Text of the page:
Putting Afghanistan in context

The fragility of our strategy for exiting the Afghan war has been exposed by WikiLeaks.

The underbelly of the Afghan war has been exposed by the war logs recently released through WikiLeaks. Not so long ago, Afghanistan was seen as the "good war", in comparison to the far more controversial adventure in Iraq. Now, light has been shone into the shadows of Nato's conduct in a war that is struggling to find direction.

A reassessment of our presence in Afghanistan must go back to basics to understand the continued failure to settle on an exit strategy from the country.

First, we should be clear in our understanding of conditions in Afghanistan prior to the 2001 invasion. Over a million civilians had died during the ten years of Soviet occupation that ended in 1989. The next 11 years witnessed a fluctuating civil war. US-led Nato forces picked a winner by providing huge amounts of firepower to drive the Northern Alliance in to Kabul (though they were beaten to it by John Simpson).

The Taliban's senior leadership, aided by a two-faced Pakistani strategy and military incompetence on the part of the US (as typified by "Operation Anaconda"), were able to flee into the Pakistani tribal areas in Helmand and Kandahar Provinces.

Over the following years, the imported exile Hamid Karzai failed to unite the country behind a top-down central government. Meanwhile, warlords who had switched sides during the invasion cemented their control over various fiefdoms, showing little interest in surrendering power to Kabul.

That the "new Afghanistan" was largely rotten at its core was ignored by an administration in Washington that quickly shifted its focus to invading Iraq, stalling efforts to transform the region. With the return of the realists to US politics came implementation of the "surge", which revived the narrative of success in Iraq, despite that country remaining deeply fractured and suffering a violent political inertia.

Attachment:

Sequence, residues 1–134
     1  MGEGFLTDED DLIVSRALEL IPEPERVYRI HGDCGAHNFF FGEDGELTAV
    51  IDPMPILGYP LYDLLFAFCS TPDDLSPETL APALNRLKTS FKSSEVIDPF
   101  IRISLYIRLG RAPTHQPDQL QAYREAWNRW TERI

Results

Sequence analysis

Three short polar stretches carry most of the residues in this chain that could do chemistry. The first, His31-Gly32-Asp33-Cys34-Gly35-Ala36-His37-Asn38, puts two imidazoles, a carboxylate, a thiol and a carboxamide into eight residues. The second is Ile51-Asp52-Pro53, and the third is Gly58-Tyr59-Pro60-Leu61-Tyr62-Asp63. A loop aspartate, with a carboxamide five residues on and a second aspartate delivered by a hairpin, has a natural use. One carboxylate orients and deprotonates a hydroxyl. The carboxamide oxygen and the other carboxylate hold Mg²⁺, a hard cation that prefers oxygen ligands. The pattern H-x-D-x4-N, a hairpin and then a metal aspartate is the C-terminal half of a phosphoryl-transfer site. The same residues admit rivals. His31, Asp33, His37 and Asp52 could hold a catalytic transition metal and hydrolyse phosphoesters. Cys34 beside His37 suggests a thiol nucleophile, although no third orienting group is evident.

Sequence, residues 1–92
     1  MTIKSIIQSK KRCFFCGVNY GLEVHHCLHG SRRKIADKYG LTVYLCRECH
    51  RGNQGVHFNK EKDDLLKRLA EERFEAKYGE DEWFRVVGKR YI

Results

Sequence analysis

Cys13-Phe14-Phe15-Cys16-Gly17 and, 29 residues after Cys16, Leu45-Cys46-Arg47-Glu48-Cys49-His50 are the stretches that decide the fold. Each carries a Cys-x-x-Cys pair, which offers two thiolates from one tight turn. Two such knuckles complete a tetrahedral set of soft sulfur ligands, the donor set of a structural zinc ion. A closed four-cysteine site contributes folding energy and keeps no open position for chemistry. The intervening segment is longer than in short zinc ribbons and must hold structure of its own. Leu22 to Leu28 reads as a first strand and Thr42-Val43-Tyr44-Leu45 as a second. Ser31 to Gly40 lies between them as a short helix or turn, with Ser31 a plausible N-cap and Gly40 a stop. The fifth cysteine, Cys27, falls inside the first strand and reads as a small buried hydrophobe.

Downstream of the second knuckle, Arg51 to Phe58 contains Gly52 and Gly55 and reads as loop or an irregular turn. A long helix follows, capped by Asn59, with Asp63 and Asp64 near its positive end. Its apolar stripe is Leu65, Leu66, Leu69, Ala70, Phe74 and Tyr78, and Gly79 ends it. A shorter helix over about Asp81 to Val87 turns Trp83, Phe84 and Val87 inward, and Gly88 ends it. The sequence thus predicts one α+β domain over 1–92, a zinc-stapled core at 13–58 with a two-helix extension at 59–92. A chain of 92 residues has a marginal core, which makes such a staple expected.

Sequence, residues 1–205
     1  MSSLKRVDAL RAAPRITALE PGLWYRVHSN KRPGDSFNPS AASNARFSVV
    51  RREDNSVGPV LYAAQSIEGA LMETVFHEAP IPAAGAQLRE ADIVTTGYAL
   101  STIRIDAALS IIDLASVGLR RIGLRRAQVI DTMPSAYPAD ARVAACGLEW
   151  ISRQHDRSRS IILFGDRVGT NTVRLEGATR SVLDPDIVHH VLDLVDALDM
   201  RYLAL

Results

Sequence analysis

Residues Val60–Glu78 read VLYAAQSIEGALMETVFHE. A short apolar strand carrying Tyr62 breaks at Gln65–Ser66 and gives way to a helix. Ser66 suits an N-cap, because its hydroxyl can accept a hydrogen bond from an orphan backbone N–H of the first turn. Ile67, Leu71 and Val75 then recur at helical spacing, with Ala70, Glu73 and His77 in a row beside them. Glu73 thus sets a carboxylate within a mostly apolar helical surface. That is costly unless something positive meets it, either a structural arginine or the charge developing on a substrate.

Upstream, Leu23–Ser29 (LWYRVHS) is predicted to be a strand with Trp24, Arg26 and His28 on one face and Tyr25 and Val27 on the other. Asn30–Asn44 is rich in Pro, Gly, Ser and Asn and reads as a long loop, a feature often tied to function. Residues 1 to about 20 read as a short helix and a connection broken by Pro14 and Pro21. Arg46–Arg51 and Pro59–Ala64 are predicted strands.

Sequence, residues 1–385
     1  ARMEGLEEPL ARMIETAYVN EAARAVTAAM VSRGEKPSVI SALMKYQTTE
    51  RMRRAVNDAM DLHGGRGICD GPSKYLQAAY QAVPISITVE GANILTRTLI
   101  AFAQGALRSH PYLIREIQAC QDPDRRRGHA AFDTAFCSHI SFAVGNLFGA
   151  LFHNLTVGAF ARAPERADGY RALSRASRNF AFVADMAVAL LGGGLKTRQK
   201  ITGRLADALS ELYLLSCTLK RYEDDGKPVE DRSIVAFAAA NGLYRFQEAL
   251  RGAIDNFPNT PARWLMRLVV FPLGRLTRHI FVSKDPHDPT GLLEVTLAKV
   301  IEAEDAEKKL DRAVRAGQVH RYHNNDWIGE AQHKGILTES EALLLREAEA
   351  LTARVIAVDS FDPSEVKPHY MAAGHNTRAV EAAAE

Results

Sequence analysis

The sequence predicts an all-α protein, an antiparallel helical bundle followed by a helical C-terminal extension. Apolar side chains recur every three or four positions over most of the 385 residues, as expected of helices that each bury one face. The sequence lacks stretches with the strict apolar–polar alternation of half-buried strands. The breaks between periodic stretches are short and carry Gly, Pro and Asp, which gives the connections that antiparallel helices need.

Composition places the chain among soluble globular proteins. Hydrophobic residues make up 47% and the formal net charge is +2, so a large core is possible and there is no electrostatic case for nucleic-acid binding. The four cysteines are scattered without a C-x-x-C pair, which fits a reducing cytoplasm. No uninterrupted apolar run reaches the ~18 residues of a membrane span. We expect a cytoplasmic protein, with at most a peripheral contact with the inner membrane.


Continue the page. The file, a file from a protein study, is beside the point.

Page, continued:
High-risk strategy

In Afghanistan, the failure of the Karzai government allowed the Taliban to return. Barack Obama doubled down on reviving the war in Afghanistan, speeding up the withdrawal from Iraq while bolstering Afghan troop numbers under the leadership of General Staley McChrystal.

A new counter-insurgency strategy (Coin) looked to buy off the "accidental guerrillas" in Pashtun areas by incorporating them into an army that the Afghan state cannot sustainably afford, and whose ethnic and tribal loyalties are constantly contested. The critical flaw is with the legitimacy of this effort. In Afghanistan, we should be very clear that we are training an Afghan army to kill Afghans in order to protect Afghans. Incidents such as the killing of three British soldiers by an Afghan soldier they were training are simply tragic reminders of the short-term problems inherent in such a strategy.

Repellent as we may find them, the Taliban appear to have a more coherent ideology than Karzai's government. As the Coin expert David Kilcullen has written, "most Afghans historically had little interaction with the central state". Their anti-occupation rhetoric falls on the ears of a population all too aware of Nato's disregard for their lives, as now exposed by the WikiLeaks documents. How can we say that we are in Afghanistan to protect Afghans, when we don't allow them the basic dignity of an independently verified body count?

The mission in Afghanistan relied on a high-risk strategy which predicted that democracy would bestow legitimacy on a foreign military occupation. And yet, today, the US finds itself fighting the longest war in its history; the most recent two months have been the deadliest since the initial invasion. Unless we realise how we got to where we are today, any future policy is doomed to repeat the same mistakes.

James Denselow is a writer on political and security issues affecting the Middle East, and is based at King's College London.

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Ansbach puts Europe's bravest politician under pressure